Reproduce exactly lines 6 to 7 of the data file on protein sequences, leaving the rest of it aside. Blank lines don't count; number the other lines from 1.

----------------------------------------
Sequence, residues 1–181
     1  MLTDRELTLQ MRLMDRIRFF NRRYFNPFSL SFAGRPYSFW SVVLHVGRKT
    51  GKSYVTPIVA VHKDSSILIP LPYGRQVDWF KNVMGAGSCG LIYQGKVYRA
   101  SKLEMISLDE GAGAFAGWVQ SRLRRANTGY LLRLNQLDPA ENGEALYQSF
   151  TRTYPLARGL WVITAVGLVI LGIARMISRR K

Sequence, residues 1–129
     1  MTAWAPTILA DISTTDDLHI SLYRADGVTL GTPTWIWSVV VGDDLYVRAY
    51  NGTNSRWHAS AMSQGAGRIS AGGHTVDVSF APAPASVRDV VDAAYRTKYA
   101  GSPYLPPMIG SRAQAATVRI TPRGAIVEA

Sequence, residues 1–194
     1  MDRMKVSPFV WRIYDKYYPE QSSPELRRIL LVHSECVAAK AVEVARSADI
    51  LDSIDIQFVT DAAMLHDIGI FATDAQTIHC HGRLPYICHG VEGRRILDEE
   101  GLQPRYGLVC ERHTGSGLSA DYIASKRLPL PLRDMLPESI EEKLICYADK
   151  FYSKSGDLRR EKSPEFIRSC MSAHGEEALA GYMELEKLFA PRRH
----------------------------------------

Sequence, residues 1–129
     1  MTAWAPTILA DISTTDDLHI SLYRADGVTL GTPTWIWSVV VGDDLYVRAY